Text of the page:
5 Fun Activities to Help Children Practice Being Thankful

Practicing gratitude important because it helps us slow down, take a mindful pause and be able to sink into the beauty of the present moment. When we begin to be able to really notice the the value of what and who is with us and around us, we are more tuned in and more connected. Feeling and expressing gratitude enhances our skills for communication and encourages us to name out loud what we might otherwise keep to ourselves.

Most parents want to help their children grow up learning how to practice an attitude of
gratitude, and what better time than November, the month for Thanksgiving? Fortunately, there are many fun activities to help children practice being thankful that I’d like to share with you today to inspire you. Plus, these are activities that will enrich your child’s creative and expressive play and support the connection you have with your child.

5 Fun Activities to Help Children Practice Being Thankful

  1. Share storytime with books that focus on feelings and practice of gratitude. Cuddling up under a warm blanket together on a snowy afternoon with a few books can be a nurturing and bonding way to learn about the concept of what it means to be thankful. Try books like The Blessings Jar by Colleen Coble,  The Things I’m Grateful For  by Arnie Lightning or The Berenstain Bears Count Their Blessings by Stan Berenstain. 
  2. Create a gratitude jar. This activity takes you step by step through the process of creating a way to count all the things your child feels thankful for with a tangible collection jar your child can uniquely decorate. It will go perfectly with the book mentioned above called The Blessings Jar!
  3. Make decorative thank you note cards. All you need for this activity is some card stock, scissors, envelopes, colorful markers, and maybe some eco-friendly glitter and glue. Explain to your child that thank you notes are ways to express gratitude to others when they do something nice for us or give us a gift. Emphasize how important it is to express our thanks at these times. Safely supervise or guide your child in cutting out cards and folding them to fit into the envelopes. Encourage them to decorate the cards with the craft supplies you’ve gathered and write the word THANK YOU in the middle of the front of the card. These will be ready and available for writing a personalized note on the inside over the holidays or anytime they want to express their thanks.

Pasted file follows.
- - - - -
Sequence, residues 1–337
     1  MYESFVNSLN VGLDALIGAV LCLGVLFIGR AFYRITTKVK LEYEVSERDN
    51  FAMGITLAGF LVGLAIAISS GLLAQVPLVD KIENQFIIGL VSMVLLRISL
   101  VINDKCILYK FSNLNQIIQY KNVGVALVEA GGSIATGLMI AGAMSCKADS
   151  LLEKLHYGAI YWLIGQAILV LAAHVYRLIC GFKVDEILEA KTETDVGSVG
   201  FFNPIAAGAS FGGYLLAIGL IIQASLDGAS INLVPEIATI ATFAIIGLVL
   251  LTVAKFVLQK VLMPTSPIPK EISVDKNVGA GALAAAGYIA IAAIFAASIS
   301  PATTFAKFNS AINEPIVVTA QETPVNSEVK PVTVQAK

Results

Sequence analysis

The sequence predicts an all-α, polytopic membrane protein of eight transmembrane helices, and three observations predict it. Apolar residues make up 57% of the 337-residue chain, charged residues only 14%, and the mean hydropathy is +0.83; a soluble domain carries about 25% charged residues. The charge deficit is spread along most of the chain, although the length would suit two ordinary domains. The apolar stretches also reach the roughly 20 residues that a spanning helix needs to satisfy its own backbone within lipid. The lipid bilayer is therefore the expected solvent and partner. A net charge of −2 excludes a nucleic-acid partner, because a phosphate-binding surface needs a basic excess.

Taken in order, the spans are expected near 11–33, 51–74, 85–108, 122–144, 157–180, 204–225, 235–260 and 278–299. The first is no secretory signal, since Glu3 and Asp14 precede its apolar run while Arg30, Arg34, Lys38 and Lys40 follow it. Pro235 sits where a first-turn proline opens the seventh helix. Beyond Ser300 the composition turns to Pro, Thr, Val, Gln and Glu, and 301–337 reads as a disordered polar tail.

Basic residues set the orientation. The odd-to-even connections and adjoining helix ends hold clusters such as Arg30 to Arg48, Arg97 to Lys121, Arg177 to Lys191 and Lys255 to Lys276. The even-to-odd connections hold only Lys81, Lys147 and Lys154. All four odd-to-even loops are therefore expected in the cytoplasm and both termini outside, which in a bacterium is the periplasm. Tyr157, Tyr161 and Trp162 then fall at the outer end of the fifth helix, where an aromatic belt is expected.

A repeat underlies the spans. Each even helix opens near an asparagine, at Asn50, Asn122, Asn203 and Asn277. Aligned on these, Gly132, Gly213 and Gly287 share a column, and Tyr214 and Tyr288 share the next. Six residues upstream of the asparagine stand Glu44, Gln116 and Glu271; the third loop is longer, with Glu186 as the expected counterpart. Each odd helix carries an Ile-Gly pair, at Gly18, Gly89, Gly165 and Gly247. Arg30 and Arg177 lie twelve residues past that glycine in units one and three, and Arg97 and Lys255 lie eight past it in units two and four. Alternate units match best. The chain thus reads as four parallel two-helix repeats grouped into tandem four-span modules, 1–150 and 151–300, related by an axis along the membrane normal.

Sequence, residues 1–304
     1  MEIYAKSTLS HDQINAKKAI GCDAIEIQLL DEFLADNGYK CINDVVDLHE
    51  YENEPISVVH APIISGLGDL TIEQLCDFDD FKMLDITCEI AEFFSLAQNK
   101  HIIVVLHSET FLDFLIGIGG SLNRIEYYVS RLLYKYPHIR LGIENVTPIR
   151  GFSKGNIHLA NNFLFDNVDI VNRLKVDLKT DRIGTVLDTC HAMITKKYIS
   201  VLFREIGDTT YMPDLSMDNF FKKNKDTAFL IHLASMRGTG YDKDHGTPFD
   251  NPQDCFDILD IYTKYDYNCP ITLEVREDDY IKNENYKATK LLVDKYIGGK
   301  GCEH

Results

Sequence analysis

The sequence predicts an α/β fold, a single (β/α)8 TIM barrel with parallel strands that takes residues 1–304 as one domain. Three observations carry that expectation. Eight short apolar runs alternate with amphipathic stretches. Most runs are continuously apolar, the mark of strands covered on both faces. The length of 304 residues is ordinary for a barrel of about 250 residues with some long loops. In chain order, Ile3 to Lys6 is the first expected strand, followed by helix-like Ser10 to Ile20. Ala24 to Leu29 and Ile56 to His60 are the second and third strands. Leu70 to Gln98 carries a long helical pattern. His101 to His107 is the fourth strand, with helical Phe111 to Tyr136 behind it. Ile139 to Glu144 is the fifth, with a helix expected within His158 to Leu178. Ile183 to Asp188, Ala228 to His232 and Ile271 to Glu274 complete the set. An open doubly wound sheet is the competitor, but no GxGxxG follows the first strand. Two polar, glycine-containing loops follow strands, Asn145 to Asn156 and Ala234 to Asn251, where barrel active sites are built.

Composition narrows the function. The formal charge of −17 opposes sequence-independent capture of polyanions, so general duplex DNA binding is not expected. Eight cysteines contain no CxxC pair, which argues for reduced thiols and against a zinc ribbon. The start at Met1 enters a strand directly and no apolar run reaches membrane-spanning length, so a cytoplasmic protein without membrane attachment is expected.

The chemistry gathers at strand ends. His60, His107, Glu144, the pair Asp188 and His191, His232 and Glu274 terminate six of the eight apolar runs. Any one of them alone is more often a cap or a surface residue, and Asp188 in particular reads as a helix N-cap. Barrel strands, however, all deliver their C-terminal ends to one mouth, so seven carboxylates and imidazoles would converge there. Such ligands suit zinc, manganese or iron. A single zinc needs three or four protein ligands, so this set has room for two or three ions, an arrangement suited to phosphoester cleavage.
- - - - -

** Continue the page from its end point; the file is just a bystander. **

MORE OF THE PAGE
4. Play the Random Acts of Kindness BINGO game! Use this printable to create a game where you and your child can find all kinds of ways to do random acts of kindness for others during the month of November!
  5. The Family Thanksgiving Tree. Get a big piece of butcher paper and draw a bare branch tree the size of your child. Hang it in the kitchen or the main hallway where the whole family will see it every day. Cut out about 50 colorful leaves from these templates on colorful paper. Introduce the bare tree in early November as the Family Thanksgiving Tree and tell your child the goal will be to fill the bare tree with leaves on which family members will write down things, experiences, places and people each person feels grateful for as the month progresses and tape them or glue them onto the tree branches. This ongoing project will allow your child and the whole family to look for those things for which you feel thankful, demonstrating a regular practice that will carry over beyond November.

A regular, ingrained practice of noticing, feeling and expressing gratitude helps children to feel genuinely positive about life. When hard times happen, looking for what we feel thankful for can bring relief to heavy emotions and motivate us to keep going when discouraged. Playful activities in which children and parents can engage in together are the most helpful way to introduce concepts and reinforce healthy social and emotional habits.

If you feel like you might benefit from parenting support, I offer parenting consultation and also play therapy services for children who are struggling. Contact me so we can discuss how I might support you and your child.

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